"[Cai Guo Qiang's oeuvre] is explosive and violent, like the age from whose core it erupts, yet it is also pervaded by an underlying, disdainful calm. This is the kind of beautiful calm that only art knows how to secure amid great commotion. In precisely such a calm, which calls thinking forth into the presence of terror, lies the works' challenge to the convulsive and disfiguring forces of the age – forces that, when left to themselves, put all thoughtfulness to flight, leaving us stunned and bewildered. It takes an art at least as powerful as the forces of the age itself to open a space of thoughtfulness in their midst, for it is only from out of the terror that the powers of rescue can arise".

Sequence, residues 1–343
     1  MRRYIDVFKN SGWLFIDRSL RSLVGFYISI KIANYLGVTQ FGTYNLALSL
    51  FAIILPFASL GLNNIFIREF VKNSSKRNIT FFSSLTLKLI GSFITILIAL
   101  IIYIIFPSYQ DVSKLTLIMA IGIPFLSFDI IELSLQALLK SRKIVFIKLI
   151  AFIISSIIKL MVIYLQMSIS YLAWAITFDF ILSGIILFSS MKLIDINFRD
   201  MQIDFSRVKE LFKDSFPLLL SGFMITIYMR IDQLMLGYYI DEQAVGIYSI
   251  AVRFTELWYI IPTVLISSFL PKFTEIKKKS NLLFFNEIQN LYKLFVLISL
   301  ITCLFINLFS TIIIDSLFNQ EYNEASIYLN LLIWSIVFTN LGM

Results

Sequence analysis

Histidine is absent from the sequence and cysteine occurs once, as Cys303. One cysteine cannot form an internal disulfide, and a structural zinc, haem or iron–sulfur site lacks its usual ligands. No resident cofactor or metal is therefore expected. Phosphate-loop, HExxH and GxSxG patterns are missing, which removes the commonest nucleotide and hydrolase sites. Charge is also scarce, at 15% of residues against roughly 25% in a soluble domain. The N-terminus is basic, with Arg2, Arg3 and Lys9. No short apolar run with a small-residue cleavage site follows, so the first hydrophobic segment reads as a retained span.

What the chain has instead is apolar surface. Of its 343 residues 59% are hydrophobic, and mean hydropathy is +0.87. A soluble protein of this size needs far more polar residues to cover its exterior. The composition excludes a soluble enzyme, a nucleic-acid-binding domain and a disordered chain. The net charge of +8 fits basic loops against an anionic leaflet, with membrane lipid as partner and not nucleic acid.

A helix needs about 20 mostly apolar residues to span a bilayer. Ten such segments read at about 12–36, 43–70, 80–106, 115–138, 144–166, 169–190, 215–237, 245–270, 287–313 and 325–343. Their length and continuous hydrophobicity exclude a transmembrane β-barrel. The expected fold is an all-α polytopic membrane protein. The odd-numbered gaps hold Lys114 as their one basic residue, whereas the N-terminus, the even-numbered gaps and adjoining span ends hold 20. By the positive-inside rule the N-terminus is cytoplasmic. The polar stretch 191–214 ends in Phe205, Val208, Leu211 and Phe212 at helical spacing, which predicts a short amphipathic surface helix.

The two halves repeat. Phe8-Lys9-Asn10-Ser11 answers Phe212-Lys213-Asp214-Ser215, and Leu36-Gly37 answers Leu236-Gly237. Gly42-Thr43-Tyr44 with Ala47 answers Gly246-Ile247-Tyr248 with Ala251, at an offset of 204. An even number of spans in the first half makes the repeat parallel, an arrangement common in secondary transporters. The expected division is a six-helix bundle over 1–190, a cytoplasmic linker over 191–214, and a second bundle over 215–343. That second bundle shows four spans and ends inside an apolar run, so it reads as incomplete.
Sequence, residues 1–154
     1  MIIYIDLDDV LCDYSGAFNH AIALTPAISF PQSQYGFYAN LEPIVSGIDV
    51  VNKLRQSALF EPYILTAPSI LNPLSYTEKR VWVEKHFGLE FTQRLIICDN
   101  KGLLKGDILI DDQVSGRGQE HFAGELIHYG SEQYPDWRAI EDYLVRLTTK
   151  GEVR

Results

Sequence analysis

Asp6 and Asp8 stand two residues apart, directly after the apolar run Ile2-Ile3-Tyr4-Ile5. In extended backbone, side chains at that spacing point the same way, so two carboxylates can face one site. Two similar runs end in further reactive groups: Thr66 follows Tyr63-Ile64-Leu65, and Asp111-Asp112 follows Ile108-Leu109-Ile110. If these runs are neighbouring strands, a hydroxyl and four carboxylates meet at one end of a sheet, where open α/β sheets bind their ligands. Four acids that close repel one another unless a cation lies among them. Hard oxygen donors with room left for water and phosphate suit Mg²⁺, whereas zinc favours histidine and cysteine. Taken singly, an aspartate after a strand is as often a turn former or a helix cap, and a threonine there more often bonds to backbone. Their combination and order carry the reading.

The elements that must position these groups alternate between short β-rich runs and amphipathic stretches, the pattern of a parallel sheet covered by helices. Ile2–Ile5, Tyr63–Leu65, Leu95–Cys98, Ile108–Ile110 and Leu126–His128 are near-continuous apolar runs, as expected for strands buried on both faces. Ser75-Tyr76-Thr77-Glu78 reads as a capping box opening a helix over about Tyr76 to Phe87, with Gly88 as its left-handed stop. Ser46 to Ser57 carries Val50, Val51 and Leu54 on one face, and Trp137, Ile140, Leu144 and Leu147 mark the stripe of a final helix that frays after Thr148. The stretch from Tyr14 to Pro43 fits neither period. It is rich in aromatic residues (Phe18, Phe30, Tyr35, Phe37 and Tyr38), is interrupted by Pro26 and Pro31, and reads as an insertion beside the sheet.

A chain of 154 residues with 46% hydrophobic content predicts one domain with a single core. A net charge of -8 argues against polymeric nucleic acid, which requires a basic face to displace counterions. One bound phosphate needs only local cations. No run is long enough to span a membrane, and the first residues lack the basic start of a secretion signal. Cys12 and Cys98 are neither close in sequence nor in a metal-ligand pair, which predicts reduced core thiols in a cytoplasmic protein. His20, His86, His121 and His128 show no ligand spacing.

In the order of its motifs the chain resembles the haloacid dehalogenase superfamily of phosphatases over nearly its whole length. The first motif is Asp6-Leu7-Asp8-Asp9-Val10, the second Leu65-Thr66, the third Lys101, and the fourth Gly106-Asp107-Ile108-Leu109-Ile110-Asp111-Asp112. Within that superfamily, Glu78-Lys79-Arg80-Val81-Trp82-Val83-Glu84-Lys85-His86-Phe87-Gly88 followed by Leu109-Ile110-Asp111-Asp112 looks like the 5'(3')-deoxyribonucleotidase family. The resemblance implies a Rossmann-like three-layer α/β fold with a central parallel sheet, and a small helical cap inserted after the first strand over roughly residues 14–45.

Robert Pogue Harrison, Of Terror and Tigers: Reflections on Cai Guo-Qiang's Inopportune, Cai Guo-Qiang.com.N.p., n.d. Web. 14 April, 2012, p. 6